The first photos with the new Belair X 6-12 Jetsetter were taken in Amiens, France.
The cathedral of Amiens is impressive in itself. 145 metres long, 112.70 metres high. According to legend, it was built on an artichoke field. The cathedral covers an area of 2200 square metres (23680,6 square foot). Its gigantic volume of 200,000 cubic meters covers twice the size of the cathedral Notre Dame de Paris.
The largest part of the cathedral consists of about 90 million years old white chalk, which mainly comes from the Picquigny quarries 10 km downstream from Amiens. It is a very typical rock in the north and west of Picardy, Haute-Normandie and a large part of Nord-Pas-de-Calais. In Picquigny, the 100-year war of 1337 to 1453, so called by historians, was ended by Louis XI, King of France, and Eduard IV, King of England, with the peace treaty of Picquigny.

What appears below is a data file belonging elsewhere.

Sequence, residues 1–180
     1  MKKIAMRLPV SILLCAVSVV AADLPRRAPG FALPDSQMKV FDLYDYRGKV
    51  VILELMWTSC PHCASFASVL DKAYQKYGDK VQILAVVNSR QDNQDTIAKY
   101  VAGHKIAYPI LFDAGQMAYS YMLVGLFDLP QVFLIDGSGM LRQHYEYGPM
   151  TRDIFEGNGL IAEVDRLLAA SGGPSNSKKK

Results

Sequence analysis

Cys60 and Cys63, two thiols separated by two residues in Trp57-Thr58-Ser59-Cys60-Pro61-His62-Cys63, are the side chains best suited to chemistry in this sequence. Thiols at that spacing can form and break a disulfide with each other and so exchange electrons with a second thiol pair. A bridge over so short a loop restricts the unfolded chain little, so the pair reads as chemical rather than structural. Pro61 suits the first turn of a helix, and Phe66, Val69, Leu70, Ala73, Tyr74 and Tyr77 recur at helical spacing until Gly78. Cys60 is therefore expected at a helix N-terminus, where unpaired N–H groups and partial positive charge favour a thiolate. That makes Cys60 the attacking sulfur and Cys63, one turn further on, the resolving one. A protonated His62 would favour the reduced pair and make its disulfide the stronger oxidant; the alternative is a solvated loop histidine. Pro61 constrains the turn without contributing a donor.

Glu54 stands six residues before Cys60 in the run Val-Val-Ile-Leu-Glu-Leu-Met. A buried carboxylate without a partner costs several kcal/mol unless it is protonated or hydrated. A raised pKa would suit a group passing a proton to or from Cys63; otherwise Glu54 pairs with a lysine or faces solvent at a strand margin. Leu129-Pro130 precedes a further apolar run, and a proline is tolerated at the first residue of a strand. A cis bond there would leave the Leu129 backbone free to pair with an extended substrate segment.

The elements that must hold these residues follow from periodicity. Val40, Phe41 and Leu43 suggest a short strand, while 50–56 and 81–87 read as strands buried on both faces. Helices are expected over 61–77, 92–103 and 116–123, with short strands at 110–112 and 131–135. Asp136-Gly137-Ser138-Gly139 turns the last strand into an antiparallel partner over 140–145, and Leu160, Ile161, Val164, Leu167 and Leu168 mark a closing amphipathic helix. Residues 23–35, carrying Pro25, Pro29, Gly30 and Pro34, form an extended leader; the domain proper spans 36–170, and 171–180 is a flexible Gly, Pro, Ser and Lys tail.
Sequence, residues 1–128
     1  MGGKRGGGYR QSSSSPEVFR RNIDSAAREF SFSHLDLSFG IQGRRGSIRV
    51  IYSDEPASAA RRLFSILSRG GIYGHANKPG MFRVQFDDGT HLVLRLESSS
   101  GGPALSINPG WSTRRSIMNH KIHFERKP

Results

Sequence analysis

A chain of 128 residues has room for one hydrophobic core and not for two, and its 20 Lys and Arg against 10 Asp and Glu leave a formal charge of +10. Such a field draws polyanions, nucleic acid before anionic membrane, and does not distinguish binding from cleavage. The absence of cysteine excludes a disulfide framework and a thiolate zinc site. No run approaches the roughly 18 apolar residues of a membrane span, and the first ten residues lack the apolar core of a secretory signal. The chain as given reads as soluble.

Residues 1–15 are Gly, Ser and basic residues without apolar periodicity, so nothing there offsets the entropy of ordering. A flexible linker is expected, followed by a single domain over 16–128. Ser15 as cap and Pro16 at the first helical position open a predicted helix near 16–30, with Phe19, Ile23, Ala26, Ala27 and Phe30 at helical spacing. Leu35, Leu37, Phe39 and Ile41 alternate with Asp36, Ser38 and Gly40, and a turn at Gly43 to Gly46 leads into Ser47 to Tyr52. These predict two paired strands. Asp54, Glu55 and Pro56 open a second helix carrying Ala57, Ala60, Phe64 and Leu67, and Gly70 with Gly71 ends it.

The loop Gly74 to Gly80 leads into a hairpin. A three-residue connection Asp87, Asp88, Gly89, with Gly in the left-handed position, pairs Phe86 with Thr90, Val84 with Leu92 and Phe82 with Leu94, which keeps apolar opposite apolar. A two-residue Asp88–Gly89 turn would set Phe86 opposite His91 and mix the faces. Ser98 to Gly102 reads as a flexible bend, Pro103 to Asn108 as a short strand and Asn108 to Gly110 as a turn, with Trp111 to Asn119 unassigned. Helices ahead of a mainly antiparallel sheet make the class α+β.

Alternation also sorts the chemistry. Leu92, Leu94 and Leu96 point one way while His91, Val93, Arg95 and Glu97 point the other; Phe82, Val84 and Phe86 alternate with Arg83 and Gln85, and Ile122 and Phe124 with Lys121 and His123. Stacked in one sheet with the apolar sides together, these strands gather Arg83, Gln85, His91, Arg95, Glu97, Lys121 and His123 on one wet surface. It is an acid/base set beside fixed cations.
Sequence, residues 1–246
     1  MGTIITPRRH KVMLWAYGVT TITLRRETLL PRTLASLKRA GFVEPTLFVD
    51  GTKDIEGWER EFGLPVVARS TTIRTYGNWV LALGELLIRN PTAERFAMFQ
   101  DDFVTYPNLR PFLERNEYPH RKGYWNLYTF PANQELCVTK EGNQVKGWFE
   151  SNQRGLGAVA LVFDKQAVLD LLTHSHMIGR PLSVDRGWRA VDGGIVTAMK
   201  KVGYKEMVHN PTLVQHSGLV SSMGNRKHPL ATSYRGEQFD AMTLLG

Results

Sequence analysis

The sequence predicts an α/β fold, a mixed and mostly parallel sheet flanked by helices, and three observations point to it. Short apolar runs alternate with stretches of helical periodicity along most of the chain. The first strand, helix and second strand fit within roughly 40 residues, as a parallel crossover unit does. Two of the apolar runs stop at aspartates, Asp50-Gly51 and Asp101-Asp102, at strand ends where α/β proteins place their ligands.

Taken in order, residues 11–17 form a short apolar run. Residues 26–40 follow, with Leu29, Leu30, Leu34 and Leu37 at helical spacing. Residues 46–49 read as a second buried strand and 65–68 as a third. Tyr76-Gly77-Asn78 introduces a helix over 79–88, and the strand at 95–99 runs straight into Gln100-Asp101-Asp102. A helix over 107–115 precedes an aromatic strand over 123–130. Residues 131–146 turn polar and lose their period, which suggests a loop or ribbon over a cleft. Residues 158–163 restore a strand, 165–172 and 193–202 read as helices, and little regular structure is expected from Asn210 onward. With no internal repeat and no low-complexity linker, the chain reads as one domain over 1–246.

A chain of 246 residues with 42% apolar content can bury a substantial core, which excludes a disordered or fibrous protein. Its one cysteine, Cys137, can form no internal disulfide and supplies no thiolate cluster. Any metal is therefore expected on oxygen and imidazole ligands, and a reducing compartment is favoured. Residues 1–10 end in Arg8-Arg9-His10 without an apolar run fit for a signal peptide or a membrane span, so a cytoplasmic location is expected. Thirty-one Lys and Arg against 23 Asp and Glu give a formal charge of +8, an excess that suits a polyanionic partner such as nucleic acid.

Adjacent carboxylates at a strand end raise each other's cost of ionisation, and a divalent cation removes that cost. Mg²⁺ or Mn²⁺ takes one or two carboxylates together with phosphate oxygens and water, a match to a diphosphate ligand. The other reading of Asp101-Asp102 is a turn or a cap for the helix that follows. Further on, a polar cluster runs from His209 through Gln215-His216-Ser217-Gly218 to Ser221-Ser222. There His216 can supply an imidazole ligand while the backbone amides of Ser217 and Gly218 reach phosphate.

Everything is connected by invisible ribbons that can be made visible. In this way, a complex stone building takes on another dimension behind it.
The images shown on this page were taken from negatives scanned with a Nikon LS 9000, which also has a 6 x 12 drawer. While I digitized most of the other SW negatives with my two DP Merrils, you notice the difference in quality. The result are images with file sizes of 300 Megabyte with a differentiated and even grain.
The picture shows how much the rather weak plastic lenses of the Belair X 6-12 Jetsetter distort optically.
Not even a 6 x 12 cm film can reproduce the enormous dimensions of the nave and this mountain of stone.